Fri, Mar 13, 2015 - Page 1 News List

MOJ’s grand justice pick sparks protest

MILITARY SHADOW:Lin Hui-huang has never apologized for his role in the trial of pro-democracy activists over the Kaohsiung Incident of 1979, rights groups said

By Alison Hsiao  /  Staff reporter

A file photo shows then-minister of justice Tseng Yung-fu, left, handing the seal of office to Academy for the Judiciary President Lin Hui-huang at an inauguration ceremony in Taipei on Jan. 7, 2013.

Photo: Wang Min-wei, Taipei Times

Human rights groups yesterday denounced the Ministry of Justice (MOJ) for nominating Lin Hui-huang (林輝煌), one of the military prosecutors in the trials stemming from the Kaohsiung Incident of 1979, as one of its two candidates for grand justices.

The ministry’s selection of Lin — now president of the ministry’s Academy for the Judiciary — goes against the spirit of transitional justice and is detrimental to Taiwan’s democratic culture, the Taiwan Association for Truth and Reconciliation said in a joint statement with seven other human rights groups.

The Kaohsiung Incident is one of the most significant events in Taiwan’s contemporary history, in which pro-democracy activists formed an alliance to challenge the authoritarian regime.

Lin, then serving his mandatory military service and a second lieutenant judge advocate, indicted eight activists on sedition charges in his capacity as a military prosecutor.

In the indictment, Lin accused Formosa Magazine, a magazine that had been a stronghold of the pro-democracy activists, of “assuming a legitimate facade to shield the illegitimate, using the slogans of human rights, democracy and freedom to publish radical thinking, defame the government, dissolve the solidarity and deliberately manufacture conflicts, and having at the same time a long-term and short-term plan for seizing power and illegally toppling the government,” the joint statement said.

Lin called himself just and unbiased in his oral argument and claimed that the indictment contained nothing but the truth, it said.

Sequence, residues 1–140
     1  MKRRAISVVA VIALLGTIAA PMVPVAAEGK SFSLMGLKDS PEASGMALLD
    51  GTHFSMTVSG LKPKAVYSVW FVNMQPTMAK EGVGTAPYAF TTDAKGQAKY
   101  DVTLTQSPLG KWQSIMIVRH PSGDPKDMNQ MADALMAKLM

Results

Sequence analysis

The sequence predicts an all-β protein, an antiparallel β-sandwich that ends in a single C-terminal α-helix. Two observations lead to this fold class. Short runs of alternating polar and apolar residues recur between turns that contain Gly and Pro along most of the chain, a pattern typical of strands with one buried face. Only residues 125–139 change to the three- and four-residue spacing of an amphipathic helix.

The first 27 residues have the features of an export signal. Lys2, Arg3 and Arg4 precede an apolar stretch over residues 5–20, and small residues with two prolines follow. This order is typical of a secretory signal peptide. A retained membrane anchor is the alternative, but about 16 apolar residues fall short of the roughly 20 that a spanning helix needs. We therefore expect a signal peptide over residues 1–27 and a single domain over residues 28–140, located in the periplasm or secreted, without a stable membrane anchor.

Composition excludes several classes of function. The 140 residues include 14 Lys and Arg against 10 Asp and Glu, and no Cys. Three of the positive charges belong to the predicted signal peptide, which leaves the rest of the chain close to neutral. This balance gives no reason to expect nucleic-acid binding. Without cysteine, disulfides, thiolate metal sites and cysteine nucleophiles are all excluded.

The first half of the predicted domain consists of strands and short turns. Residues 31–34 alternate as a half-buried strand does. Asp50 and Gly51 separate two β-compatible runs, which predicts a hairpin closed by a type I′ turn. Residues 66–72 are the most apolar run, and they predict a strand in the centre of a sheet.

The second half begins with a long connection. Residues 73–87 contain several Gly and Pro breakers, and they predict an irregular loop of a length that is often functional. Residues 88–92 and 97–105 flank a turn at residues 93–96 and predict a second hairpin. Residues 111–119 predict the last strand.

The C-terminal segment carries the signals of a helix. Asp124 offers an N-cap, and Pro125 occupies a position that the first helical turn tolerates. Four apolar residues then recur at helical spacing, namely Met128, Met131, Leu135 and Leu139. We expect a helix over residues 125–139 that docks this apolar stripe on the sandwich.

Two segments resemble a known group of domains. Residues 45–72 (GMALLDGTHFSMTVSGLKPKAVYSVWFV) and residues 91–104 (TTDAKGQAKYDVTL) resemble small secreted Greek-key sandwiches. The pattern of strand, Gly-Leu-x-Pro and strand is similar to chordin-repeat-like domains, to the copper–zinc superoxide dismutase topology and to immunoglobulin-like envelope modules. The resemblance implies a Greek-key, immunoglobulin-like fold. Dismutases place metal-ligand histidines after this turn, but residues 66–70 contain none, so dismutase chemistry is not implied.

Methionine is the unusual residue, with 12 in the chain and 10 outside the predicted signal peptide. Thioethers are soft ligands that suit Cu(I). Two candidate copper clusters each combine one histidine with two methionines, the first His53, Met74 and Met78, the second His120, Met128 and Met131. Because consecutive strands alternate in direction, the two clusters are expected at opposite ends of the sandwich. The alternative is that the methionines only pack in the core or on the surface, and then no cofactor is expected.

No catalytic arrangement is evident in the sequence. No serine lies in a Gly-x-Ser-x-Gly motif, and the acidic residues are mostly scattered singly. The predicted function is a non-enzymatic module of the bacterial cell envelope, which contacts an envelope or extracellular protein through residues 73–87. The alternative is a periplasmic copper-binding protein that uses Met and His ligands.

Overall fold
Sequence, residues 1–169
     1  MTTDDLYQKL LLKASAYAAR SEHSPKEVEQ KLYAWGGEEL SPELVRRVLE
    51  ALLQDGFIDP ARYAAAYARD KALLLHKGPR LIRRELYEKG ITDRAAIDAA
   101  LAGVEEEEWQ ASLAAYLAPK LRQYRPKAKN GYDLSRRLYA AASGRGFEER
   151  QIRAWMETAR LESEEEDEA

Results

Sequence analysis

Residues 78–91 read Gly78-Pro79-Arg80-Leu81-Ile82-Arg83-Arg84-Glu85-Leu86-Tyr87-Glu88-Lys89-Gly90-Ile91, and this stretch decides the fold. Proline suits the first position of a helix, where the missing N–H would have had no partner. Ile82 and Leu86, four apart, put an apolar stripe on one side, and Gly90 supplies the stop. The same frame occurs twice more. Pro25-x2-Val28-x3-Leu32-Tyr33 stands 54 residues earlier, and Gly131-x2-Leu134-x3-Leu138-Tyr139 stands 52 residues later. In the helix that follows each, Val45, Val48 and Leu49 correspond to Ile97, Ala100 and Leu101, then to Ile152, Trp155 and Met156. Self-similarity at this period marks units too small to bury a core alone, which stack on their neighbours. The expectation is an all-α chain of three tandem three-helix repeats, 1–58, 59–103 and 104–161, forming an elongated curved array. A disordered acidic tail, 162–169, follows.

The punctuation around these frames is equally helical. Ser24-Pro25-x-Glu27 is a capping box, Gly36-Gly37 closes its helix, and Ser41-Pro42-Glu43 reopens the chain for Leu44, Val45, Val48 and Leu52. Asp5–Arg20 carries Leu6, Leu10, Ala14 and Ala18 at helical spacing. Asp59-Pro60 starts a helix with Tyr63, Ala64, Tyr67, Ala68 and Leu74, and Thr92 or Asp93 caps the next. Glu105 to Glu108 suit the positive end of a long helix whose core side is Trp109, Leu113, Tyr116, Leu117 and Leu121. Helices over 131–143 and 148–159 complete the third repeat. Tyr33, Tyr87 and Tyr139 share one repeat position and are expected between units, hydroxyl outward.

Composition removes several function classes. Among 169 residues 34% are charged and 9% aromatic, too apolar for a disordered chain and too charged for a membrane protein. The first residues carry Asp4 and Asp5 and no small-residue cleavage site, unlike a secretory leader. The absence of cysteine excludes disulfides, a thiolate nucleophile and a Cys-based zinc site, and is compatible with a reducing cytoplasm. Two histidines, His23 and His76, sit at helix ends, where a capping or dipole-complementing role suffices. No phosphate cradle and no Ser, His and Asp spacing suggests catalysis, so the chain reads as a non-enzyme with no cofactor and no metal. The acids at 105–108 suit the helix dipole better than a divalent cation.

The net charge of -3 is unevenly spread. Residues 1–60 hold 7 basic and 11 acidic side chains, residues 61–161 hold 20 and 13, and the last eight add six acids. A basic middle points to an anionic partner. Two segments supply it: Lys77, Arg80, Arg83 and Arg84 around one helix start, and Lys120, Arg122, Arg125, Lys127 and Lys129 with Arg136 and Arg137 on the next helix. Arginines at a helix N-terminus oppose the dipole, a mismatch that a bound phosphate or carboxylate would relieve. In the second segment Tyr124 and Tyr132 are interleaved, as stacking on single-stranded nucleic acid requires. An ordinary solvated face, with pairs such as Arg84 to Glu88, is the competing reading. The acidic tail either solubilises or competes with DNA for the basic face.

“Lin’s role in the trial was in line with the need of the Chinese Nationalist Party [KMT] regime, which had been consolidating its authoritarian rule with military trials,” the statement said.

Taiwan’s transitional justice has long been “victim-centered,” without judicial or administrative mechanisms to lead society to engage in a systematic reflection on the perpetrators’ accountability, the groups said.

“We do not have the chance to see these judges expound on the roles they played in the perpetrators’ system. Did they eagerly seek out these tasks or could they not say no? Did they waver in the face of the democratic waves? Has Lin ever reflected upon what he did in the past?” the statement said.

As the guardians of the Constitution who play a pivotal role in the country’s constitutional-political development and the safeguarding of basic human rights, the grand justices’ democratic and human rights convictions are important, “but Taiwan’s judicial system has never faced its past participation in authoritarian rule,” it said.

The groups said that they consider Lin, who participated in the political persecution and has never publicly reflected on his past deeds, an inappropriate candidate for the position. They urged President Ma Ying-jeou (馬英九) and the evaluation committee to reject Lin’s candidacy given the potential negative impact his appointment might have on democracy, the rule of law and transitional justice.

Defending the ministry’s choice at a meeting of the legislature’s Judiciary and Organic Laws and Statutes Committee, Minister of Justice Luo Ying-shay (羅瑩雪) said: “No one is perfect.”

“He [Lin] is the best among the possible candidates, with a good performance record,” Luo said, when Democratic Progressive Party Legislator Kuan Bi-ling (管碧玲) asked for her view on Lin’s nomination.

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